This is a true classic, so many will claim to have the one and only original recipe. This dish is all about beef, onions and brown Belgian beer. Herbs like parsley and bay leaf, spices like nutmeg plus mustard and cider vinegar. Definitely not bacon, stock, prunes and garlic. Maybe some brown sugar if you prefer a sweet touch to the dish. Given it’s a true classic many traditional restaurants in Belgium (or better said Flanders) will have this on the menu. Try it with some bread and a glass of brown Beer, preferably draught. We serve the stew with two vegetables: celeriac and green beans. You could also go for mashed potatoes or fries, but balancing the rich stew with vegetables and bread is (we think) a much healthier idea. And typical for a good stew: make it a day in advance. Don’t worry if you made too much, the stew will keep for months in the freezer.
If you go for a glass of red wine, make sure it is full-bodied and rich, because the stew is really hearty. Bordeaux is a good choice. We drank a glass of Chateau Beaulieu, Cotes de Bourg, 2012. It is a wine with lots of dark fruit and a touch of oak. The wine is a blend of the traditional Merlot, Cabernet Sauvignon and Cabernet Franc plus 10% Malbec.
What You Need (for 4 persons)
1 kilo of excellent, fat, marbled Beef
4-6 large White Onions
1 tablespoon of all purpose Flour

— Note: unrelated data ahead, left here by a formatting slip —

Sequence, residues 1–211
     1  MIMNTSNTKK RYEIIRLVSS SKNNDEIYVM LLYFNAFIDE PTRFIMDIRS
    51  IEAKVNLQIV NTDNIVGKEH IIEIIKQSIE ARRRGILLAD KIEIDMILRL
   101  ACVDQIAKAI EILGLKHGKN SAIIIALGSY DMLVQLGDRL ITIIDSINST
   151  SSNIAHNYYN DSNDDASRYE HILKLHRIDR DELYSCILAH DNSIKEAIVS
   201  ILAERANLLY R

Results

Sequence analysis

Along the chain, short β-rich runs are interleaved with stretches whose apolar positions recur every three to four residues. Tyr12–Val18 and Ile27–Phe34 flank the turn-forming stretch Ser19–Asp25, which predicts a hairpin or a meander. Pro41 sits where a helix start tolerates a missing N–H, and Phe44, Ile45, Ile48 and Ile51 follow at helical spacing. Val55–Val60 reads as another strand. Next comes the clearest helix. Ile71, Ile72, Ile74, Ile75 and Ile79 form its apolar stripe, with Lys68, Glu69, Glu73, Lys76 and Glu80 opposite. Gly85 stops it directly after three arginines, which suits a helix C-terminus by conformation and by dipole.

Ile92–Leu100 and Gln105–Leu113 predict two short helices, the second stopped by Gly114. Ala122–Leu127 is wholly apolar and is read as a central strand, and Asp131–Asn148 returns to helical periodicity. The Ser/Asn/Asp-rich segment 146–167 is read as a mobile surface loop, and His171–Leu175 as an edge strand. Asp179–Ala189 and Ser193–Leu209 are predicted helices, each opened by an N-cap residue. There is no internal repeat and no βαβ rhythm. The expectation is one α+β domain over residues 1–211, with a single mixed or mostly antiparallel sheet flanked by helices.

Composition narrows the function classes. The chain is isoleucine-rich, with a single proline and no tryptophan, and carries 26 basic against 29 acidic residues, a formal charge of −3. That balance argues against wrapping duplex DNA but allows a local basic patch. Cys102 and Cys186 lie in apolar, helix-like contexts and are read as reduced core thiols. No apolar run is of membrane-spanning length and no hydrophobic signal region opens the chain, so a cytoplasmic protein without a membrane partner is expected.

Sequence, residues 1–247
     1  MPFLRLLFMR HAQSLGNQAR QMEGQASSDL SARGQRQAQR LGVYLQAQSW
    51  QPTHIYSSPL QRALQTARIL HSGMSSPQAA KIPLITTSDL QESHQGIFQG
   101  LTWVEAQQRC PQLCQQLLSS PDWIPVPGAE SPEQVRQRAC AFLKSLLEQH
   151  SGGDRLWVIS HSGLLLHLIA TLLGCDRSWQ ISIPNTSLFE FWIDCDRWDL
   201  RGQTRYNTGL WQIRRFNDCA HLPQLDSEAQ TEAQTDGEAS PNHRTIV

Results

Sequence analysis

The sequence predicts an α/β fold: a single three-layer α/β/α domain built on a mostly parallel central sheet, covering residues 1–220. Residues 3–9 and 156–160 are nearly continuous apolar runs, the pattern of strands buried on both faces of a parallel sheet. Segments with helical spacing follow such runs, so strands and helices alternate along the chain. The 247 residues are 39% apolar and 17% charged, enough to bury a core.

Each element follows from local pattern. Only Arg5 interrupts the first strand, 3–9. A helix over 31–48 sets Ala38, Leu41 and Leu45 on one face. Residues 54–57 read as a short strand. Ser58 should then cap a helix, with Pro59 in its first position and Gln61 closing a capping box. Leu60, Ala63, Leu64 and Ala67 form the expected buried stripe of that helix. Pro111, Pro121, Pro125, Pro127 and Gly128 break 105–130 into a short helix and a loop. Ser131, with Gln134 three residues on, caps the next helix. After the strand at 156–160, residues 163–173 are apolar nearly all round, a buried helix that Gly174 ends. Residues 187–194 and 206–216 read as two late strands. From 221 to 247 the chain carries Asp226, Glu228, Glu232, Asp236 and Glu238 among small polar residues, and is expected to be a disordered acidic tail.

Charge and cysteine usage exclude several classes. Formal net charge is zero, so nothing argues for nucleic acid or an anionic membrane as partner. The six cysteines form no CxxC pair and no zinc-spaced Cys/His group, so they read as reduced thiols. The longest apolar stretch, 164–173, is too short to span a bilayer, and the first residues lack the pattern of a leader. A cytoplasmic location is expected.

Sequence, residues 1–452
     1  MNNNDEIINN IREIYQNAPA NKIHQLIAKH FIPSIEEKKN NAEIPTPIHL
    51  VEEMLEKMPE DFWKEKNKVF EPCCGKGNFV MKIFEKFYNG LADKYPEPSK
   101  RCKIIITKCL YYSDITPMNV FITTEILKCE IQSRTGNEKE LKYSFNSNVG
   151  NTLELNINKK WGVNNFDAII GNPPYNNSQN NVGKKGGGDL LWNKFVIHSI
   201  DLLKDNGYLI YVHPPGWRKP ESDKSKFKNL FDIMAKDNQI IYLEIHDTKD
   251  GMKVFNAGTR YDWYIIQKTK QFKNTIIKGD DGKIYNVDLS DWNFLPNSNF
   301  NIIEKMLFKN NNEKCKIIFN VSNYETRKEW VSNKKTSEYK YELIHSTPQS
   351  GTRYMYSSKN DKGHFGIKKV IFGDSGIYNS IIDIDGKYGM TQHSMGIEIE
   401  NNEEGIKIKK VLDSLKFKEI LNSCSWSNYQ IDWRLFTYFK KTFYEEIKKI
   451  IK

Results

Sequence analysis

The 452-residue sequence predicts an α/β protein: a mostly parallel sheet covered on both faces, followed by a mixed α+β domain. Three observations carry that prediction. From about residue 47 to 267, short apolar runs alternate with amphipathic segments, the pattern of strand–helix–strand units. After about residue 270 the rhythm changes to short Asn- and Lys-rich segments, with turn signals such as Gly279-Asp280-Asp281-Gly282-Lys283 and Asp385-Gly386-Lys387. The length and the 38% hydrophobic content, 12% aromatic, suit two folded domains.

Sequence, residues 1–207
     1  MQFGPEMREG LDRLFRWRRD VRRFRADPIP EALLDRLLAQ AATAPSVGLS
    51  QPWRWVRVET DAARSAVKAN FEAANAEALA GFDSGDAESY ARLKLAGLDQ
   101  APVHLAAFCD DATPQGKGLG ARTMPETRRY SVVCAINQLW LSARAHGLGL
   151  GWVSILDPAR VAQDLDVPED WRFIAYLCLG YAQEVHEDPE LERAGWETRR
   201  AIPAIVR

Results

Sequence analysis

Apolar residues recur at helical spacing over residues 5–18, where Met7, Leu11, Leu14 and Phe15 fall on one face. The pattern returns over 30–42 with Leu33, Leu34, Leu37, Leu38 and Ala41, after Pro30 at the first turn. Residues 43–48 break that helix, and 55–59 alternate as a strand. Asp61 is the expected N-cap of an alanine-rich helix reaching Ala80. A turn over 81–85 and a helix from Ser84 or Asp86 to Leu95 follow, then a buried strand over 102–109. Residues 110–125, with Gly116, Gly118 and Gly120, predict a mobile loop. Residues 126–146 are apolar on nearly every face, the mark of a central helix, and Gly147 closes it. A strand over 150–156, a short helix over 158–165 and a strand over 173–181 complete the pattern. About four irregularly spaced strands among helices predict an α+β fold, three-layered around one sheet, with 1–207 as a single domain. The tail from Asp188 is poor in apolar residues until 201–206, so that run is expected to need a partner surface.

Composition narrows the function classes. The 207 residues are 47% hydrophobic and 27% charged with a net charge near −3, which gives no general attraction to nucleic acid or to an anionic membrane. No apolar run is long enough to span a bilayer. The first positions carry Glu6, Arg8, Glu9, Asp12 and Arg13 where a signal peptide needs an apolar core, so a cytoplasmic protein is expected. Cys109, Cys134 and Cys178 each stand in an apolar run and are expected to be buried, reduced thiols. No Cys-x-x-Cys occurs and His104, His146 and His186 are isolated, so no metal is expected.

2 bottles (33 cl) of Belgian Brown Beer (we prefer Westmalle)
Bouquet garni, consisting of Thyme, Bay Leaf and Parsley
Slice of Bread
What To Do
Start by slicing the meat. Don’t make the cubes too small; they will shrink during the cooking process. Heat butter and olive oil in a large pan and start frying the meat. You probably will have to do this in 2 or 3 batches. Make sure the meat is nicely colored. Add some more olive oil and caramelize the sliced onions. Again, not too thin, they should be visible in the stew. Now add the flour and coat the onions and the beef. Add nutmeg, the beer, the cider vinegar and the bouquet. Close the pan and keep on a low heat for 2 to 3 hours. Check the meat and add one slice of bread (not the crust). Add a nice spoon of French mustard. Leave to simmer for another hour. By now the bread will be dissolved. Stir and check the meat. If okay, then remove the meat from the pan and reduce the sauce. Discard the bouquet. Transfer the meat back into the pan, reheat, then cool and transfer to the refrigerator until the next day. Reheat slowly and serve with Celeriac and Beans.
PS How to Prepare Celeriac?
Good question! Clean the celeriac and cut in cubes. Transfer to a pan with some water and one or two generous slices of lemon. One or two you ask? Well, the answer depends on the size of your celeriac and the acidity of the lemon. If in doubt, then go for one slice. Cook the celeriac until nearly done. Remove the water and the lemon. Now add (single) cream to the pan. Keep on a low heat for 10 minutes. The celeriac will absorb some of the cream. Transfer the mixture to the blender and create a smooth puree. Serve with nutmeg.